Identifying this "different bird" relied in part to the process of elimination.
“Quick! Bring your binoculars. There’s a different flycatcher of some sort, hawking insects from a tree down in the tree line. I’ll try to get a photo of it from the house.” From the way it was flying out to catch insects, and then returning to the same spot in the same tree, we knew it was not one of our regular resident flycatchers. Here is a photo of the tree on the left where the bird was working from as seen from our front door, albeit, later in the day. And here is a slightly enlarged view of the bird from the same spot.
Our most common resident flycatcher is the Eastern Phoebe, which nests on the property and is present daily, often perching and pumping its tail quite close to the house (below). The bird in the tree line was definitely not an Eastern Phoebe. Another flycatcher that nests on our property, but down by the pond, not up near the house, is the Willow Flycatcher. (below, left)The Willow Flycatcher is reclusive, mostly secretive, and generally hard to find after it has stopped singing in the spring when it is establishing its territory. The bird in the tree line was definitely not a Willow Flycatcher.
The only other flycatcher that occurs regularly on our property is the Great Crested Flycatcher (below, right), but they are much larger, and do not generally hunt by hawking insects as the smaller flycatchers do. The flycatcher in the tree line was definitely not a Great Crested Flycatcher.
It is important to be familiar with all the basics of regularly occurring bird species in your home territory: their comparative size and appearance; their distinctive habits; the general habitat and area where they may more regularly show up; how common they are relative to other common species in the area; and the distinguishing field marks that set them apart from other very similar species. Then, when something “different” shows up, you can say, “Whoa, that bird is not one of our usual suspects!” Another factor to consider is the time of year. This particular sighting took place August 30, a time when migration is in full swing, and birders should be alert for any unusual or different species to show up almost anywhere.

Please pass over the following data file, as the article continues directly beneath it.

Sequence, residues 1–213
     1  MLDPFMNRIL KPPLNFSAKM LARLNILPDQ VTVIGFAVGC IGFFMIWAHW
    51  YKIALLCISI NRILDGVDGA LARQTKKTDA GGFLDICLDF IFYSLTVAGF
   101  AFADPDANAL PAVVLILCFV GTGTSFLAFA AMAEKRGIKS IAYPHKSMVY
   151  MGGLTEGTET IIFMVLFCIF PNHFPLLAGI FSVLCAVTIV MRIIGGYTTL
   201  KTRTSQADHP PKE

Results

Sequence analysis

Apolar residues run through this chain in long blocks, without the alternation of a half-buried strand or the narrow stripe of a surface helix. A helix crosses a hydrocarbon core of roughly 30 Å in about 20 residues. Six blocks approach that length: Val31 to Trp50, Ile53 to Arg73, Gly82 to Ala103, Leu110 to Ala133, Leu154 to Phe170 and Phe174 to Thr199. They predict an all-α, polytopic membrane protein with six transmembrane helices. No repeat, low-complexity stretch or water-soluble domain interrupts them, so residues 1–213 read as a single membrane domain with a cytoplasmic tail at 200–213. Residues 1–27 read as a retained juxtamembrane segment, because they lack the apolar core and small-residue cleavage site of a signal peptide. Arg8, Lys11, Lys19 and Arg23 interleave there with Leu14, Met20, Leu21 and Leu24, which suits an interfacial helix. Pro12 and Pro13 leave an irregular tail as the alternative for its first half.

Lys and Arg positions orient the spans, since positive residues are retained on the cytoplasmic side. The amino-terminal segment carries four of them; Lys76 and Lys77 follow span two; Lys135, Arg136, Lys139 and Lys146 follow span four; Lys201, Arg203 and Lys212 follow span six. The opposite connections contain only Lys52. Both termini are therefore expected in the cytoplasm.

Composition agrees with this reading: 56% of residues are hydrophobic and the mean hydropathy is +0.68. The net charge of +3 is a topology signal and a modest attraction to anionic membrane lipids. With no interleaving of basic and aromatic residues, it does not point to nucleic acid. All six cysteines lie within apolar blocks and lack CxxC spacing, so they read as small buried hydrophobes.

With a very slow and deliberate pace I was able to approach the “different” flycatcher as it continued its sorties from the tree after flying insects. While it retreated higher in the tree as I approached, and even moved to a different tree, it did allow close enough approach to obtain this documenting photograph of an Eastern Wood Pewee. (top) While the Eastern Wood Pewee range map shows it to be a regular summer resident throughout most of the eastern United States, it is more commonly found in deep woods, but only occurs in southern Florida during migration. This bird was only the second one we have documented on our property, and the first one was many years ago. It was apparently a migrating bird, for it only occurred that one day, and was gone that evening.
Birders often use a process of elimination when identifying “different” species of birds: Great Crested Flycatcher is much larger, has a yellow breast and rufous in the wings; Willow Flycatcher is browner and has a distinctive “eye-ring,” a narrow fringe of lighter feathers around the eye; and the Eastern Phoebe is chunkier, darker, with an all-black bill, and most distinctively, pumps its tail up and down when perched. The Eastern Wood Pewee is more slender than the Phoebe; lighter colored; has no eye-ring; yellow/orange on the lower mandible of the bill; and gray on the breast with a central whitish area that makes it appear to be wearing a vest.
We humans are accustomed to unconsciously familiarizing ourselves with the specific, particular and peculiar characteristics of all our fellow humans with whom we come into regular contact. We get so good at it that we can identify a loved one or friend clear across the mall parking lot simply by observing general characteristics such as size, shape and perhaps walking gait, even though he or she is so far away that we cannot see his or her face.
The same techniques apply with birds. All we need to do is observe and familiarize ourselves with all specific, particular and peculiar characteristics of all the birds with which we come into regular contact. Then, as with human strangers, we can recognize that a new encounter with one, human or bird, is “different.” So when an encyclopedia salesman shows up at the front door one can say, “That’s somebody different.” What - encyclopedias aren’t sold door to door anymore? What - nobody buys encyclopedias anymore, like my Dad did for us, as kids, from just such a stranger? What - I should use a better example of a “different” person at the front door? Perhaps like the umbrella repairman who came around door to door periodically? Well, this is about birds, so just keep looking for that “different” bird, which is probably just looking for a handout, and not looking to sell you anything. You never know, it might be something truly spectacular.
For more information on the Eastern Wood Pewee, see: www.allaboutbirds.org/guide/Eastern_Wood-Pewee/id
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